Ok things have improved over time, but this doesn’t mean we should settle. Nor does it mean that we should overlook barriers that disadvantage groups still face. Make the commitment to yourself to become an active ally, ensure that people’s rights are upheld and respected. It is important to create communities that revolve around compassionate accountability. Remember, your perspective will always be limited by your own circumstances and personal biases. Keep listening, sharing and growing and actively drive for inclusive culture. It is only through embracing equity that we can achieve equality.
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Thanks for reading,
If you don’t pick something up, you don’t know how heavy it is.
I keep thinking about this. The weight of shame and those people who choose not to pick it up. We are all victims and victimisers in a racist system. Some feel it everyday in every part of their body and some are completely blind and untouched.
We are all hurting. Yes in very different ways and by no means do I pretend to know the pain of being a person of colour, but racism hurts us all. If you don’t take this time to think, listen, talk, read, learn, explore, challenge, you will miss out and you will also remain part of the problem. None of us cannot afford you to stay silent. Yes it is awkward and if you are white you might be worried about saying the wrong thing, but that is a small price to pay, part of the long overdue relearning and it is also your privilege.
Resmaa Menakem‘s language and approach to racism and trauma really speaks to me.
“Creating community and a somatically attuned life helped me achieve positivity while challenging my own limitations around race and trauma. I want to inspire my community and humanity to acknowledge their “white-body supremacy trauma” and find pathways to heal. I want to help you metabolize the decontextualized internalized “white body supremacy” energy to create fuel for freedom.”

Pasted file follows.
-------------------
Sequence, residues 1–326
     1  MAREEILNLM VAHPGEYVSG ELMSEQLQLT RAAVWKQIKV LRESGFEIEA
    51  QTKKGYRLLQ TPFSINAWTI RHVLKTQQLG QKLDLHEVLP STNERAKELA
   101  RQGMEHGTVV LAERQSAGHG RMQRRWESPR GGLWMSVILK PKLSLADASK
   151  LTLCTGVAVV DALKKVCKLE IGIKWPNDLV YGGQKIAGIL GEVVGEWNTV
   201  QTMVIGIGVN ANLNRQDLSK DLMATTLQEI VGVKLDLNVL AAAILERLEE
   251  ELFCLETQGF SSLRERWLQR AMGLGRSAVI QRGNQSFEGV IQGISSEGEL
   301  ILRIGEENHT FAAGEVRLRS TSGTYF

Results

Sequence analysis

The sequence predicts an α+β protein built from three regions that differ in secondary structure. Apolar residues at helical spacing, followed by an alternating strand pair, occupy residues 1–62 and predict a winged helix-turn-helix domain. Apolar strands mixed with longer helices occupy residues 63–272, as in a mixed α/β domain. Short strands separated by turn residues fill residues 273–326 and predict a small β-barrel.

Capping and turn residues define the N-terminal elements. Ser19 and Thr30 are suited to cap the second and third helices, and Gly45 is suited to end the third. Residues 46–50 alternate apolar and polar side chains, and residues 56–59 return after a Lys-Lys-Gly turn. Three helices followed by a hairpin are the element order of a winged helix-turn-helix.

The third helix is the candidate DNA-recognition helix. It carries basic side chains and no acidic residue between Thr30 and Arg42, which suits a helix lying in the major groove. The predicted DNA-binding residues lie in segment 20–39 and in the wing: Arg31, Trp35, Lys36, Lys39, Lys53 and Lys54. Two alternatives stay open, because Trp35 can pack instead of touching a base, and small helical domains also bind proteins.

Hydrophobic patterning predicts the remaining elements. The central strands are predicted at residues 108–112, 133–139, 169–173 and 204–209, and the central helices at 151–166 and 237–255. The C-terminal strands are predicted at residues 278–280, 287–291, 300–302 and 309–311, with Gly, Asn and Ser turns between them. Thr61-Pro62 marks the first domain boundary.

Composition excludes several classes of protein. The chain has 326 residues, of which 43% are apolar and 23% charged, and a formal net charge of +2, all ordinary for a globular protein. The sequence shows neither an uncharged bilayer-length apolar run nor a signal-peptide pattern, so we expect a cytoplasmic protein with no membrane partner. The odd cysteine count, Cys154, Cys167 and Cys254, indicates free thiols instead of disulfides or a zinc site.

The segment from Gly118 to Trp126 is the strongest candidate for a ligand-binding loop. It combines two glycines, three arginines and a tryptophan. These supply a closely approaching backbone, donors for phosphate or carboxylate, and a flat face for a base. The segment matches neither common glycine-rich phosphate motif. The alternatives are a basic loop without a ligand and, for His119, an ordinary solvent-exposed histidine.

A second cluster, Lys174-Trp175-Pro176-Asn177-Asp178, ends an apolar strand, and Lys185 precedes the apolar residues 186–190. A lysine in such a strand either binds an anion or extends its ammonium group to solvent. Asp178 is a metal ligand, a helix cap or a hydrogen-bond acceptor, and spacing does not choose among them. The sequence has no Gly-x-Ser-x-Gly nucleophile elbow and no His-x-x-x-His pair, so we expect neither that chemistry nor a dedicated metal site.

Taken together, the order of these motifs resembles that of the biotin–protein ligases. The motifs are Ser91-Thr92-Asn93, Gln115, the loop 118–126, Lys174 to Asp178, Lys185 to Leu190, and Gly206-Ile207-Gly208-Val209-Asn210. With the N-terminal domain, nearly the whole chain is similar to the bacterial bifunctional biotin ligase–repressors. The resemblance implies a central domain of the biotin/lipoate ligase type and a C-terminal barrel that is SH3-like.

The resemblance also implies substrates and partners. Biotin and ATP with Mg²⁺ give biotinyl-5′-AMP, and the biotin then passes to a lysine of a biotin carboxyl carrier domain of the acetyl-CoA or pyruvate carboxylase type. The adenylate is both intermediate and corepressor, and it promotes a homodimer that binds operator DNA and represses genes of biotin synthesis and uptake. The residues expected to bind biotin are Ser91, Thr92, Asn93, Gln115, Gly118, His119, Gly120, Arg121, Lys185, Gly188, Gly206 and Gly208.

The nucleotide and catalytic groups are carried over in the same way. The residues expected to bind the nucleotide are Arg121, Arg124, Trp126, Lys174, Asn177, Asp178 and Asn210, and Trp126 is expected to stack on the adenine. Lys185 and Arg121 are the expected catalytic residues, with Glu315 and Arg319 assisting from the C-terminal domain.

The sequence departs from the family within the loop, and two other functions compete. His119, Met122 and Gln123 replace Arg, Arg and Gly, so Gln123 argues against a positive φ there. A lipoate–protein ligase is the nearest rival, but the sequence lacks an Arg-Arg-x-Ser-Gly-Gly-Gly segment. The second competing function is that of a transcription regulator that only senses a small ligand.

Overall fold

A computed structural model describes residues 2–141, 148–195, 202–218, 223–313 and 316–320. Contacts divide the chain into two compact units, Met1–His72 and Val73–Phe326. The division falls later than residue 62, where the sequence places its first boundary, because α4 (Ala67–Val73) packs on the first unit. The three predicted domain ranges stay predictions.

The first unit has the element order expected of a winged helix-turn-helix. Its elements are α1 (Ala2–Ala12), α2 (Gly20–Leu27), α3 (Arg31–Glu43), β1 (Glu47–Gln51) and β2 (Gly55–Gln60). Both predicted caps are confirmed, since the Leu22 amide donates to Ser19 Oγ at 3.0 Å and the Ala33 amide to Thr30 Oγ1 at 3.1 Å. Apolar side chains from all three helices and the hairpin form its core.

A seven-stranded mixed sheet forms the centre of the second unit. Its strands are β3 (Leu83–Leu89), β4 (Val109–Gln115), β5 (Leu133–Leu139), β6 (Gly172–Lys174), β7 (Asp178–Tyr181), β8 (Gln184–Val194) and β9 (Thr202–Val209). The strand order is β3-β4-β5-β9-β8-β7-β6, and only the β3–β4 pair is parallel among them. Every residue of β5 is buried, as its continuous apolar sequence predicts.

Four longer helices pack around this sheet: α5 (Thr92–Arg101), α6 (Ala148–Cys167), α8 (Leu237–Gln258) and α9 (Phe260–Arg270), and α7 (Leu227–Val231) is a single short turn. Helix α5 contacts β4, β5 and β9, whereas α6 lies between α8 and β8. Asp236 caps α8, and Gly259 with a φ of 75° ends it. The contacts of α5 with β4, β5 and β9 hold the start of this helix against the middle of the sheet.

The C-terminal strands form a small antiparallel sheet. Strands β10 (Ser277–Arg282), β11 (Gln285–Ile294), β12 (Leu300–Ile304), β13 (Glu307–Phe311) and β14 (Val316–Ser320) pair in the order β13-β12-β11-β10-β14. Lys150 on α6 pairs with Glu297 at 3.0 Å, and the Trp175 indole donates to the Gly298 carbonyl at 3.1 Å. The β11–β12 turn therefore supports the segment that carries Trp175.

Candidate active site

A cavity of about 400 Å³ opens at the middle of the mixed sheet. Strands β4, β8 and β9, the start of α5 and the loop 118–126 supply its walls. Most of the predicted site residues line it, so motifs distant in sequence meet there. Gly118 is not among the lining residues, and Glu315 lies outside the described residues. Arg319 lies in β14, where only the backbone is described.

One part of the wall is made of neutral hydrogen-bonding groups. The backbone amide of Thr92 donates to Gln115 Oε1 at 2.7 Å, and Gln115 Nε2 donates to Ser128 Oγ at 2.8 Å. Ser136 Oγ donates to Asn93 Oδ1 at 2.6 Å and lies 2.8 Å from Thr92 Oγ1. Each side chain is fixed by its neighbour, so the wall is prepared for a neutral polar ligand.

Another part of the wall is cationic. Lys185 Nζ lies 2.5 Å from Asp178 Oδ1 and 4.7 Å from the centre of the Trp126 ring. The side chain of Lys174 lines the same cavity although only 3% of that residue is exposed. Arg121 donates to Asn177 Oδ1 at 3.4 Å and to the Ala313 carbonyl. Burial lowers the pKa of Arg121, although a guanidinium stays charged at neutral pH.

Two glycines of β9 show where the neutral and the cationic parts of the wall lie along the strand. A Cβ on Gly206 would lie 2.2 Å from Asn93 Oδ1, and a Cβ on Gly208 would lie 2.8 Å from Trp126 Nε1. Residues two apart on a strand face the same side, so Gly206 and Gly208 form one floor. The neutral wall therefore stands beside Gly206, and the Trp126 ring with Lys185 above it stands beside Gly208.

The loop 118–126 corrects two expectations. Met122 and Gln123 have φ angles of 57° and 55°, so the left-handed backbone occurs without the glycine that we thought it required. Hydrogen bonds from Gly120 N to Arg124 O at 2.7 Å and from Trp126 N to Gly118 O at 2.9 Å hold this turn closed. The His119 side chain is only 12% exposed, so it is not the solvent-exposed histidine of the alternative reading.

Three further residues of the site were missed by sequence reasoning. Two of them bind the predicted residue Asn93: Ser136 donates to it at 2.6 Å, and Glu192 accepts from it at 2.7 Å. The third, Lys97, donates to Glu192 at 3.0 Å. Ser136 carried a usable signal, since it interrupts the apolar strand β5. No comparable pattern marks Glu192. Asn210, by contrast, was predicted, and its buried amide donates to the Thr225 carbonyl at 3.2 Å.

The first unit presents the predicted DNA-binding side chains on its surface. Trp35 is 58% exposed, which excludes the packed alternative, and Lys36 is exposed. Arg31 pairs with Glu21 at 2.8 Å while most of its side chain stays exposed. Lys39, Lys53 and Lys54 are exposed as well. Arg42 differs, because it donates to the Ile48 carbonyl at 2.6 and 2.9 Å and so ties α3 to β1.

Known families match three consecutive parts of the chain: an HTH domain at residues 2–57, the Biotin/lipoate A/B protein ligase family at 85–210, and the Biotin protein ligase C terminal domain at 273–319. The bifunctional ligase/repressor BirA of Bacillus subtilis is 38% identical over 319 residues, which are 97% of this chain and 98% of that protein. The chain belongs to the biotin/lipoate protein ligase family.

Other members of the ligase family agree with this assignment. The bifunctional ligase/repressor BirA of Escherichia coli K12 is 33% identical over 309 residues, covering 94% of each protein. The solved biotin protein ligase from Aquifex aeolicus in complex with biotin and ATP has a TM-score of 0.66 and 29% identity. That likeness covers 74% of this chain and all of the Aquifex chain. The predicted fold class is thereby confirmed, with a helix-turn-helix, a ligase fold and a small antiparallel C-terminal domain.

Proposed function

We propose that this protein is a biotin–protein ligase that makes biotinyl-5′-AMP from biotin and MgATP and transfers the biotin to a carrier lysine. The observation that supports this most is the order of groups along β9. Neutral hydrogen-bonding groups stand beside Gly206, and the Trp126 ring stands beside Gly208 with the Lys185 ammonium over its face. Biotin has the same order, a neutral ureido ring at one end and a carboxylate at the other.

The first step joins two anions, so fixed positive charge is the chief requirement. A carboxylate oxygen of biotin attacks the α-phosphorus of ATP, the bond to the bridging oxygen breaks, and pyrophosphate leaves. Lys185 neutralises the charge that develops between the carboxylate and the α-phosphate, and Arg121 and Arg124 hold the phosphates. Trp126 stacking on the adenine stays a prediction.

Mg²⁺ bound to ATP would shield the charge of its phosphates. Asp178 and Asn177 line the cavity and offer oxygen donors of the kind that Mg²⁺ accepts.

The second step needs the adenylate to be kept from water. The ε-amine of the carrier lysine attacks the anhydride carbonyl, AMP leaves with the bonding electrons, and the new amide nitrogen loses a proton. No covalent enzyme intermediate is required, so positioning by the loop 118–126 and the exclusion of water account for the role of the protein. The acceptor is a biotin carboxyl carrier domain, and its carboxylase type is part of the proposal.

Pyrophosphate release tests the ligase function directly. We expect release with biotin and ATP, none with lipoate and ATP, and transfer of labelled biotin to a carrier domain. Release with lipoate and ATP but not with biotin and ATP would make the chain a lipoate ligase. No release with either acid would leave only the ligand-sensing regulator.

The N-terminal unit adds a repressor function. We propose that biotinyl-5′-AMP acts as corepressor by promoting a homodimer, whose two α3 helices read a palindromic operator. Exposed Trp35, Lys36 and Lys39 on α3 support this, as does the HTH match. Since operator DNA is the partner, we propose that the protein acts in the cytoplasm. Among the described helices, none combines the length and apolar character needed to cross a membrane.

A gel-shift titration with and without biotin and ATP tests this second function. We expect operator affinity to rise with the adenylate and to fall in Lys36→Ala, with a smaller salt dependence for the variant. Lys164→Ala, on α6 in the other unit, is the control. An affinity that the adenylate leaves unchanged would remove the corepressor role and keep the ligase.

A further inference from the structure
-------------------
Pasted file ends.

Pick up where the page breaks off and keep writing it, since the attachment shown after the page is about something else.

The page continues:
We must all be antiracist. Investigate what this looks like for yourself- this work is for you, for me, for everyone. Things cannot go back to the way they were and change is an action. It takes effort and movement and if you are sitting still and looking the other way, you are dragging us all behind. If you don’t know where to start, read our newsletter and check out some of the leaders like Ibram X Kendi, Resmaa Menakem, Robin Diangelo and many more.
This is close to my heavy heart.
by Dani Trudeau
Bodies in motion tend to stay in motion. I really believe this and as a former dancer, I also believe that still bodies tend to stay in one place. No doubt there are times when motion is best and when stillness is best but when it comes to innovation, motion is the way.
Fear, like joy, can tell us that we are where we are supposed to be and that change is coming. Facing the fear is the change point. So often we tell ourselves that we need more of something before we are ‘ready’. We put off any action and any risks and chalk it up to bad timing. I don’t remember anyone ever coming up with an idea, testing it out and then seeing what to do next, ever regretting that process.
Any new adventure, any new pursuit that is meaningful to you will most likely create some tension. Because if it didn’t mean anything, then it wouldn’t really matter so much. Confidence starts with an act of courage and over time, as you learn to become braver and put things in action, it grows into confidence. In other words, instead of waiting to feel confident to act, find what action you can take, big or small.
Confidence grows through courage and practice until you become competent – and that requires you to take action.
I cannot close without a shout out to my friends Juliette and Hannah. Both send me a text every now again to see if I want to go to dance class with them. I keep waiting for my courage to go back to dancing. I should put my own advice into motion. Noted.